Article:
Video Game Review: Rayman Legends (PlayStation 4)
That’s not the Sam Fisher that Tom Clancy had in mind.
For the second time in less than a month, we found ourselves replaying one of our favourite games from 2013 on a next-gen console. First, it was Tomb Raider: Definitive Edition, which checked in at No. 5 on our top 10 list for last year, and now it’s Ubisoft’s Rayman Legends — our No. 7 title and choice for best game on a Nintendo console.
There are some differences between the two endeavors, but perhaps the biggest is that the next-gen version of Legends checks in at US$39.99. That could be an enticing carrot for those that haven’t played the game, though the absence of the US$9.99 upgrade (as seen with Ubisoft’s Assassin’s Creed IV: Black Flag) could frustrate those that already purchased it on the PS3 or Xbox 360.
In terms of added content, there isn’t a lot. The Xbox One version gets the better end of the deal with the new stuff, getting 10 additional challenges for nabbing achievements. On the PlayStation 4, however, you get a couple of touchpad gimmicks: during levels you can use it to pause the action and then operate as a camera, zooming in and out to snap and share pictures, and in between it’s used to scratch your lottery tickets. A handful of console-specific playable characters have also been added, but that’s the extent of the new content.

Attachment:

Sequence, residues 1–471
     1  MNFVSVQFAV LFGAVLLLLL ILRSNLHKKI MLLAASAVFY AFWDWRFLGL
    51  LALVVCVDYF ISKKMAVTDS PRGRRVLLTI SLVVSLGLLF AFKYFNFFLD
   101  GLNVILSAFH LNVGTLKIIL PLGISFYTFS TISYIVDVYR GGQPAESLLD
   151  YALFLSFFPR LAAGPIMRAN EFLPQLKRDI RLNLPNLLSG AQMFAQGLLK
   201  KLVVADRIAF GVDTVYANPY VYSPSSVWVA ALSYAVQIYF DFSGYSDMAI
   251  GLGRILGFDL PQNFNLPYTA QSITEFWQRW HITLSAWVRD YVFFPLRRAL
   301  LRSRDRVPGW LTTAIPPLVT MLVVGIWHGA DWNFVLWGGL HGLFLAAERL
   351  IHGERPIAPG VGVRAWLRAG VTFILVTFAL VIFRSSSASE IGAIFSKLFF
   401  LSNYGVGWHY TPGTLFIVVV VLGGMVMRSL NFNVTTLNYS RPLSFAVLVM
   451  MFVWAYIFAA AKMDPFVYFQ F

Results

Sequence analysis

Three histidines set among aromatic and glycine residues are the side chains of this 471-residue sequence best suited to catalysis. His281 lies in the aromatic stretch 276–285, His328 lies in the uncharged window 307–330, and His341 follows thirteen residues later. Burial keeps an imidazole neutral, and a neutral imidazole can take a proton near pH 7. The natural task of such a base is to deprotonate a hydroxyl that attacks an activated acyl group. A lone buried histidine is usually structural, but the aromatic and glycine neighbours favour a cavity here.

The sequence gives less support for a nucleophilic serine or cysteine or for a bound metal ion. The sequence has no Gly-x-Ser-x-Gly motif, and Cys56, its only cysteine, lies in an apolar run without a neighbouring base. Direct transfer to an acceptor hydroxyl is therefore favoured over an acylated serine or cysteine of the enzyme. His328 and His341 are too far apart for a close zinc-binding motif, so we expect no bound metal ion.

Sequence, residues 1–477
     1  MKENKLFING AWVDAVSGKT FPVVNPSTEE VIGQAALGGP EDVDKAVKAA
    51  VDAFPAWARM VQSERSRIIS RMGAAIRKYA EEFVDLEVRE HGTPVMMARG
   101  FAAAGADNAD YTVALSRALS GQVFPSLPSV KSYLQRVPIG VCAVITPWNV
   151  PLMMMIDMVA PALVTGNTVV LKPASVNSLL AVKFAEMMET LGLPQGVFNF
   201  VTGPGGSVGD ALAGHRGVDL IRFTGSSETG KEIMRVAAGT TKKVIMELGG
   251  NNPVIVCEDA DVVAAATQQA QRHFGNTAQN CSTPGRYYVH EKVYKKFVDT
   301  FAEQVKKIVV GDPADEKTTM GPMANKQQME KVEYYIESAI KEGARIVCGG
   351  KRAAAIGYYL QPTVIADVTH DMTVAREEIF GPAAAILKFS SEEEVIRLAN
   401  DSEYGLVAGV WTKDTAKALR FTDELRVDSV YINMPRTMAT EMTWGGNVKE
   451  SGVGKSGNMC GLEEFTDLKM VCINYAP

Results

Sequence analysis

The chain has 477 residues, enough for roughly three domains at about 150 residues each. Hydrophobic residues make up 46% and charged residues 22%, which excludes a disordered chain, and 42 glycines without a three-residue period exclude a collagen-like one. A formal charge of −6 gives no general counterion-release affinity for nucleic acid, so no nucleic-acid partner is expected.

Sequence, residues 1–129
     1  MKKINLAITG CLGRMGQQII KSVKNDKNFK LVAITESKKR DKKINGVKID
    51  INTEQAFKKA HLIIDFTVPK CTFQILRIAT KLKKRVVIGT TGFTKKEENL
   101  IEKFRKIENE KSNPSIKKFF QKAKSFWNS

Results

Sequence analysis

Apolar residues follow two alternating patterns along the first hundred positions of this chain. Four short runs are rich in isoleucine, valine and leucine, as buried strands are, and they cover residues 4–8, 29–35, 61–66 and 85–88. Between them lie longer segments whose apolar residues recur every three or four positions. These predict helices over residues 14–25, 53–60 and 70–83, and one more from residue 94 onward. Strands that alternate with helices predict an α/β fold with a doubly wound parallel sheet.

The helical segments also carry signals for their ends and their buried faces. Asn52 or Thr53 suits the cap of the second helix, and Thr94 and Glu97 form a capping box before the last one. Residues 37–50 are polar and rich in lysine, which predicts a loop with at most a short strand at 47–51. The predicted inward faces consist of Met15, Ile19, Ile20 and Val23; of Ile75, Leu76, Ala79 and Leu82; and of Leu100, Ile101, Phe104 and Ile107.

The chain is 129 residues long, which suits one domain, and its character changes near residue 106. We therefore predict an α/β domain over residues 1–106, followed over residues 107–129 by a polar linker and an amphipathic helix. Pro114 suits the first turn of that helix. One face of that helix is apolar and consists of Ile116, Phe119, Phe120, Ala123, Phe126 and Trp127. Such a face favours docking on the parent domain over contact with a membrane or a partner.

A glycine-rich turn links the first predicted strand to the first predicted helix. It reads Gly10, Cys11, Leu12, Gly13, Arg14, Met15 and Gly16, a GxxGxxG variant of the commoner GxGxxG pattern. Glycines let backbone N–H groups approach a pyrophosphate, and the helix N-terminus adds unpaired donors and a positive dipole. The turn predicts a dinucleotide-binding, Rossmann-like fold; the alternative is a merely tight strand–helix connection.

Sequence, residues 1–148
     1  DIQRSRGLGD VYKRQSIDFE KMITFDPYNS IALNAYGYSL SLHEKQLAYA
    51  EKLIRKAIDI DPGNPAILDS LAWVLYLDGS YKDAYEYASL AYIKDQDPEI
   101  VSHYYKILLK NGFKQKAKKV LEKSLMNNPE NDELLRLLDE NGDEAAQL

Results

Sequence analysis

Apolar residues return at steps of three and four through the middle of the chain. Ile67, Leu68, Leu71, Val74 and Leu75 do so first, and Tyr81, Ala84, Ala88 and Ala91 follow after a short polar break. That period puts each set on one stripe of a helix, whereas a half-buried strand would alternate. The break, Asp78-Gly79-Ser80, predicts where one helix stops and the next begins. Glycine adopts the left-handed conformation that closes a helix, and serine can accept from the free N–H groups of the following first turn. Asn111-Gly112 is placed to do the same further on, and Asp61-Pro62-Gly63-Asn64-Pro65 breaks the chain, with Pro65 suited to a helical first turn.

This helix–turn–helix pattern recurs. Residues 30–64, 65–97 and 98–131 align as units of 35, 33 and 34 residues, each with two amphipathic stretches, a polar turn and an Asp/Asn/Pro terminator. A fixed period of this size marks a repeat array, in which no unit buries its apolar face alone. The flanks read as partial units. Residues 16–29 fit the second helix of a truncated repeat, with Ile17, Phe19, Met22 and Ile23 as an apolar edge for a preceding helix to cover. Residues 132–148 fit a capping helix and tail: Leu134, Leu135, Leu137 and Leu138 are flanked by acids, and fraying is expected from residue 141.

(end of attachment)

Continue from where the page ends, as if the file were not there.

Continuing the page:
Visually, Rayman Legends’ hand-drawn artistic style has never looked better. The power of next gen makes all the colourful characters and backgrounds pop more vibrantly than ever, and the load times have basically evaporated. Of course, given how excellent the game already looked on the various consoles this doesn’t qualify as a huge draw.
Also, when we originally reviewed the game we took a look at the Wii U and Vita versions, and it’s worth noting that neither the PS4 nor Xbox One versions are quite as engaging to play when it comes to the Murfy levels. Employing the Wii U’s gamepad, which allowed for co-operative action, or swiping on the Vita simply made more sense when controlling Rayman’s buddy as opposed to him simply hovering over an object and waiting for you to hit a face button. It’s still eminently functional, and the levels are still well thought out, it’s just not as intuitive.
Without question, Rayman Legends is our favourite platformer on the market today. It looks and sounds fantastic, is brilliantly designed, offers an absolute ton of content and is more diverse with its offerings that one might think. As a standalone product for someone that doesn’t already own the game, this is an absolute steal. Given how minimal the differences are between this and last gen, however, anyone that has already taken the plunge likely doesn’t need to do it again.